2. Related Work

The surveys in [18,19] show that supervised, unsupervised, semi-supervised, and deep-learning approaches could all be used for device identification. Supervised ML is used in [10,11,20,21,22]. The authors in [20] proposed a supervised ML-assisted approach for identifying known IoT devices. A proprietary tool developed in [23] was used in [20] to extract features from captured network traffic. Using the same feature extraction tool, a two-stage meta classifier for IoT device identification was studied in [10]. The first stage classifier differentiates IoT and non-IoT devices. The second stage classifier identifies a specific IoT device class. The classifier considered in [20] is Random Forest-based. Other classifiers considered in the supervised ML include Decision Trees, Logistic Regression models, Support Vector Machines (SVM), GBM, and XGBoost models [10,11]. These papers show the utmost accuracy in identifying devices in the IoT. However, supervised ML requires labeling to train the models, which may be expensive or impossible to acquire.
In [12], authors used unsupervised clustering to identify IoT device types in network flow traffic. Network traffic was broken up into time granularities of 1–8-min packet flows for each device on the network. Depending on the device, the final clustering used K-Means with 128 or 256 clusters. This research takes a heuristic approach to identify flows in a packet capture by taking the data in 1–8-min intervals of packets. In [13], authors used data captured directly from the devices to identify cycles in the flow data relating to how often and how predictable the transmission of data is. They then use K-Nearest Neighbors and arbitrary labeling to cluster devices. This approach is much slower than other algorithms.
Unsupervised deep learning is used in [14,15], where ML autoencoders are combined with clustering algorithms to identify arbitrary device types. Work in [14] focused on identifying compromised devices using packet statistics, whereas [15] considered how variational autoencoders arbitrarily identify devices on a network using a combination of periodic features such as those in [13] and flow statistics [15].
As discussed in [12,13,14,15,17], unsupervised learning can reach accuracies as good as or better than those in supervised approaches, while having much higher accuracy in both unseen and compromised devices.

3. Unsupervised Machine-Learning-Assisted Approach for IoT Device Identification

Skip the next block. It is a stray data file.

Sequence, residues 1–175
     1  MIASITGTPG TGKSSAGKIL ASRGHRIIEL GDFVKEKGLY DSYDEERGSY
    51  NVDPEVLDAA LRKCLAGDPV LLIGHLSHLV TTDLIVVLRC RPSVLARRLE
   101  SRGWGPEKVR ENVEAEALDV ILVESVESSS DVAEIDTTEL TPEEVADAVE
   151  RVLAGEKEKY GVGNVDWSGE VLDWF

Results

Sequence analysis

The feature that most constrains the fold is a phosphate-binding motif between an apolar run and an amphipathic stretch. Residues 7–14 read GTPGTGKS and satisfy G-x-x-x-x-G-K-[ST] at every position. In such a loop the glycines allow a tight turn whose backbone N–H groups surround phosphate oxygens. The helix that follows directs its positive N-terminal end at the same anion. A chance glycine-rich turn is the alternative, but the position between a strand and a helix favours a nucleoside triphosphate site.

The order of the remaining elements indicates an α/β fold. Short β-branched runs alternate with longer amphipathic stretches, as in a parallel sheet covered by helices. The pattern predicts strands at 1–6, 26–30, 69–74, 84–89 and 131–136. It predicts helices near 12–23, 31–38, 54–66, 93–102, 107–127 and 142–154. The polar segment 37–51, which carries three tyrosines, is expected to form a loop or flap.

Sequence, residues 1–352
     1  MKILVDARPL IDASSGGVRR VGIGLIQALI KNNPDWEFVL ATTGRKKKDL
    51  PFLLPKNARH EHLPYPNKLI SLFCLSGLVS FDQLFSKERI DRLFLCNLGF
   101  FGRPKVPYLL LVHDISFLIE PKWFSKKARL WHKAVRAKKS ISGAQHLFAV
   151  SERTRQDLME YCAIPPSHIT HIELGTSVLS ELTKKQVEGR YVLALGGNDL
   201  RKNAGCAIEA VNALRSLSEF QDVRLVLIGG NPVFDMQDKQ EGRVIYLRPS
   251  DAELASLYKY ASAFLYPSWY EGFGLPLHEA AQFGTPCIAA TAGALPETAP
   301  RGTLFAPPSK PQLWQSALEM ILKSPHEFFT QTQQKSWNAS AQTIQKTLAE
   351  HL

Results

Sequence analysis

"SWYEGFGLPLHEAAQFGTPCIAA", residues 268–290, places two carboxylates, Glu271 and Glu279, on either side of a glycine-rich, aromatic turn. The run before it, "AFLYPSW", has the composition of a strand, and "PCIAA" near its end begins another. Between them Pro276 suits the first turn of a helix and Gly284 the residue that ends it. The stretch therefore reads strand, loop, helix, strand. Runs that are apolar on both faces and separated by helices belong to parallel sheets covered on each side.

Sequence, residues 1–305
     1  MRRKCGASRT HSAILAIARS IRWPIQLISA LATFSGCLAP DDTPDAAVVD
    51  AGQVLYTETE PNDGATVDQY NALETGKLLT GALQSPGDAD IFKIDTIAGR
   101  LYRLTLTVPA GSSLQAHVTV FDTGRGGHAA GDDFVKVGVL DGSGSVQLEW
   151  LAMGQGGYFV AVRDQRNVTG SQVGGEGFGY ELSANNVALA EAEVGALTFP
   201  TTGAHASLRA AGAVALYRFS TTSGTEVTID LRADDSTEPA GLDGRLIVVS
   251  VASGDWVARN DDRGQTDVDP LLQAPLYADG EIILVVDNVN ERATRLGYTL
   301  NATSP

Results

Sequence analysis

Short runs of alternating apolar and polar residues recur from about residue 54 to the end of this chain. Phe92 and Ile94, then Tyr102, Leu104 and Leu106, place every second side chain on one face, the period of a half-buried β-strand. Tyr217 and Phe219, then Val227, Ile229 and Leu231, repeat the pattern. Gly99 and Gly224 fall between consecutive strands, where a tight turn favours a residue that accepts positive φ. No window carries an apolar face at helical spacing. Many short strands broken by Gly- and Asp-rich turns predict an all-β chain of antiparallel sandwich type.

The unsupervised process detailed in this paper utilizes an ensemble-based approach to device identification, where each base model that comprises the ensemble network is a one-class classifier. Figure 1 details the various steps that comprise the one-class classifiers implemented in this paper. These steps will be discussed more thoroughly later in this section.
The combined results from each base model will ultimately decide what a given sample will be classified as, as seen in Figure 2. The goal of a one-class classifier is to distinguish which samples do and do not belong to the class it represents. In the discussion of IoT device identification, the class would be an IoT device. This approach differs from a one-vs-rest scheme for two reasons. The first reason is that introducing a new device or removing an existing device from the network will require the entire ensemble network to be retrained in the one-vs-rest scheme. In the one-class scheme, however, introducing a new device will only require a new model for that device to be trained, whereas removing an existing device will only require that the existing model for the said device is discarded. The second reason this approach differs from a one-vs-rest scheme is that this approach allows a sample to be considered to be an unknown sample, such as the case where the sample belongs to a device not in the network. In many one-vs-rest schemes, this unknown sample would have been predicted as one of the devices in the trained model network. As a result, the approach used in this paper allows for better scalability as the number of devices increases in a given network.

3.1. Pre-Processing

The first step of the training stage is to process the data to augment the model’s ability to capture information from the dataset. One such method of processing is through one-hot encoding. To include nominal features, such as the network protocol used in a flow, said features must be encoded to remove any inferred order between values. Additionally, since the proposed model utilizes distance-based algorithms in both the training and predicting stages of its lifespan, it is imperative to properly scale the raw data the model takes as input. Without scaling, features with inherently larger ranges will dominate features with inherently smaller ranges in Euclidean-based distance comparisons. Furthermore, the information found in these features with smaller ranges can be overlooked without scaling. In the implementation of the model in this paper, standardization is performed on each feature, where each feature is independently scaled to fit a normal distribution.

3.2. Feature Selection

The second step in the training stage is the selection of relevant features that will be used for analysis. The first portion of this step is using Feature Agglomeration (FA) [24]. A total of 100 clusters from the FA algorithm were used in the model. The second portion of this step is the use of Principal Component Analysis (PCA) [25]. All 100 features extracted from the PCA were also used in the model.